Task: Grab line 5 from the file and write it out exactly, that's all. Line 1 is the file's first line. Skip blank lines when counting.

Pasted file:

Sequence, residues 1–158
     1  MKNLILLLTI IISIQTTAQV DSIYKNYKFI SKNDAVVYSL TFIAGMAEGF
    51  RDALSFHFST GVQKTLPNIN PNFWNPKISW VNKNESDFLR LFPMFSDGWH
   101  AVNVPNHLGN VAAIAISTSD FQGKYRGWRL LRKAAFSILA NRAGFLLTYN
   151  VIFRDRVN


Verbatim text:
   151  VIFRDRVN